If there’s one time a week that Atlanta is indisputably Southern, it’s Sunday morning. According
to Gallup, 48 percent of Georgians consider themselves “very religious,” meaning faith plays an important role
in their daily lives and that they attend services almost weekly. On Sundays now in Atlanta, every retail business except
Chick-fil-A seems to be open and you can even buy a six-pack at the liquor store. But you’ll also find cops directing
traffic as hundreds of families pour into the churches along Peachtree Street or Boulevard. Children play tag across church
lawns, the little girls staining their frilly skirts, the boys’ shirttails spilling out of khaki pants....
Fox News story about Log Cabin
Perry interviews Judy Whitfield
SMYRNA, Ga. - A
Smyrna church is celebrating a significant birthday. The Log Cabin Community Church, located on Log Cabin Road, has survived
war and fought a street-widening project.
They've made it 100
years with the help and the support of the community.
is a member of the church. She says the first Sunday service started on June 2nd, 1912. The 43 families who attended that
service had to bring something to sit on. The church didn't have enough chairs.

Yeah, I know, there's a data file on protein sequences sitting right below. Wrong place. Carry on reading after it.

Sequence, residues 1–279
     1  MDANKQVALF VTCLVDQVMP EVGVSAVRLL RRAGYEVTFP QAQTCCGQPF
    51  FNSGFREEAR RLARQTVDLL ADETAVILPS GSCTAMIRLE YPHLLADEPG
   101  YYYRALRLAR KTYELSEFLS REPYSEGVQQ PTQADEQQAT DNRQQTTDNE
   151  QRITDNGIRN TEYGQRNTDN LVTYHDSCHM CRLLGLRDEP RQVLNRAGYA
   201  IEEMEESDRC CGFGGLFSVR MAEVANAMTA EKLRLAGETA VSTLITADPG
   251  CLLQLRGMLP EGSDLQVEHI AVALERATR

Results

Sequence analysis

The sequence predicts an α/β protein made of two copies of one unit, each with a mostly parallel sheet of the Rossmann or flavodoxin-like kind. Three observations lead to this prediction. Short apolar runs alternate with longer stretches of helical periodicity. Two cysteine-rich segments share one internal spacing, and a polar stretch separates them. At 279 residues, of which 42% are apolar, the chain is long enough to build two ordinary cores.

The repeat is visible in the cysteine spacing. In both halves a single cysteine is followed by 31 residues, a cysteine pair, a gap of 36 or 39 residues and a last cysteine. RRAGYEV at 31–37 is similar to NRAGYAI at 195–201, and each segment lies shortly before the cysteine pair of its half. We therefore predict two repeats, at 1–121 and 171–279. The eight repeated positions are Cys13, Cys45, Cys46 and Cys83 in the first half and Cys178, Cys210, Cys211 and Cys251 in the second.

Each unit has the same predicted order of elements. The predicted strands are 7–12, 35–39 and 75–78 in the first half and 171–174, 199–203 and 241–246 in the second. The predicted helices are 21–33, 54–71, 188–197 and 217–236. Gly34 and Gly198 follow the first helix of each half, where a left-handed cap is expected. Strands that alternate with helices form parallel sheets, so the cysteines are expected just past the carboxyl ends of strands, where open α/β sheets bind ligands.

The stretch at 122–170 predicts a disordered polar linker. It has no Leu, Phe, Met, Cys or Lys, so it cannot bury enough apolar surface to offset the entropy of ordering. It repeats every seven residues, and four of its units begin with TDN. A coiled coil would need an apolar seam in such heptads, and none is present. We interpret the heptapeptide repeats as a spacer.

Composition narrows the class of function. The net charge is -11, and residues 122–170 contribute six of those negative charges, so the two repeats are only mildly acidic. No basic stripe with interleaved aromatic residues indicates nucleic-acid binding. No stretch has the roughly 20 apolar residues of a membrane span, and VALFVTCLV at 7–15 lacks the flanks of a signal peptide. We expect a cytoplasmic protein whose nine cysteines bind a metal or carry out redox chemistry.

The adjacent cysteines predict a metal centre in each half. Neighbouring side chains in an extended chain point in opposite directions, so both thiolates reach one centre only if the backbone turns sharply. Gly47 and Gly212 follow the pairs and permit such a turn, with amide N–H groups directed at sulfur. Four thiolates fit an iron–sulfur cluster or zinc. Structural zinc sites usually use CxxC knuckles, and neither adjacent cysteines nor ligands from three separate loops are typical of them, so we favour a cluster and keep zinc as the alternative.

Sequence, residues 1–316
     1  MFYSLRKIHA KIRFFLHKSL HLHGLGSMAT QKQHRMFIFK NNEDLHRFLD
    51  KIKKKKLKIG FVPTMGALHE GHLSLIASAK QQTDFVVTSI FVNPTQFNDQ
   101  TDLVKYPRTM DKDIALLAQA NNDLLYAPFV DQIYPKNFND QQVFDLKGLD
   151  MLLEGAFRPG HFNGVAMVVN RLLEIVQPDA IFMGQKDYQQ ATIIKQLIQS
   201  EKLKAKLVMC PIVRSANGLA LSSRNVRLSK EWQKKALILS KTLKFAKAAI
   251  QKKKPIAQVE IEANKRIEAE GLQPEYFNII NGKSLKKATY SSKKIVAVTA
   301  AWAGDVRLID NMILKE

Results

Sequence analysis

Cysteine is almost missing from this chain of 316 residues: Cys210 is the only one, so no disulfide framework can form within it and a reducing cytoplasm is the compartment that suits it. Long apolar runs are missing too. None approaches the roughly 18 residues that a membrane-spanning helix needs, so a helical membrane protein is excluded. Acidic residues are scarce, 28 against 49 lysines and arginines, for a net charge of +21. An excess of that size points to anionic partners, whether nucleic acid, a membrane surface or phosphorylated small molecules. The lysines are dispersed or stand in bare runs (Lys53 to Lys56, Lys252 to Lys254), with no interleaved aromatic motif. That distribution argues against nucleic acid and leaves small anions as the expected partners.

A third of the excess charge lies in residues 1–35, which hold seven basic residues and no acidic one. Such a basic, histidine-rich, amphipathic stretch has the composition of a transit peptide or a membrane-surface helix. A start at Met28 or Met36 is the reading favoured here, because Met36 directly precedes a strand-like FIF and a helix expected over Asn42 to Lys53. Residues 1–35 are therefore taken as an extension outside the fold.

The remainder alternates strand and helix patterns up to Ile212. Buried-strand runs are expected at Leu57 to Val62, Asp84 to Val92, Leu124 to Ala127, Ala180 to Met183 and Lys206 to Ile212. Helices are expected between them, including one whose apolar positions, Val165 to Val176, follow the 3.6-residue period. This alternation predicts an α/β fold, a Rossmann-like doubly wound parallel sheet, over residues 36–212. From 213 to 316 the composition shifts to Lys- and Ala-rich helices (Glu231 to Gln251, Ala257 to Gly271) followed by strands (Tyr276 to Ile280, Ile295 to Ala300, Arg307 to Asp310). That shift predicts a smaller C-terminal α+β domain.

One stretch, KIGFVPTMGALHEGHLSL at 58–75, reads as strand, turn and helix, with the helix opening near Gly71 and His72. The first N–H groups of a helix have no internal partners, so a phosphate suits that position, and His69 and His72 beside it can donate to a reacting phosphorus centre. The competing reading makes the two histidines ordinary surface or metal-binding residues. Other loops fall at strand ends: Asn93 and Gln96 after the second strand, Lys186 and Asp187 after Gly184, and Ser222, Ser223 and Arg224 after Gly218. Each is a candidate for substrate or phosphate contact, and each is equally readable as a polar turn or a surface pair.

Click here for the video and to read more.
Bill Kinney on Log Cabin's Centennial
Marietta Daily Journal
Drivers heading south on Atlanta Road near Vinings and I-285 will notice — if they’re paying attention
— a little log cabin on the left. What they’re seeing is one of Cobb’s older and more notable houses of
Log Cabin Community Church, which has counted its share of Cobb’s more illustrious citizens, is
celebrating its centennial this year.
"Christian symbols adorn tree at Smyrna church"
Community Church in Smyrna traditionally hasn’t displayed a Christmas tree inside its picturesque
chapel on Log Cabin Drive off Woodland Brook Drive. But this year it’s celebrating the holiday with a Chrismon
A Chrismon tree is a variation of the Christmas tree that uses handcrafted ornaments, traditionally white
and gold in color, which are representative of Christianity. The idea was that of a member of the Ascension
Lutheran Church in Danville, Va., in the late 1950s, who wanted decorations deemed fit for her church’s
"Historic Church Embraces Newcomers"
by Candice Hannigan
The church’s origins as an
education center are lived out today, through topical sermon series like the current one: “Life-Changing
Actions: 10 things to do to change your life.” Landers explores what the Bible says about topics such as listening,
reading, and meditating, and offers practical life applications.
The church is the birthplace of Boy Scout Troop 1, which continues to meet, and hosts several Girl Scout
troops. Members support MUST Ministries with weekly collections.
Read more here.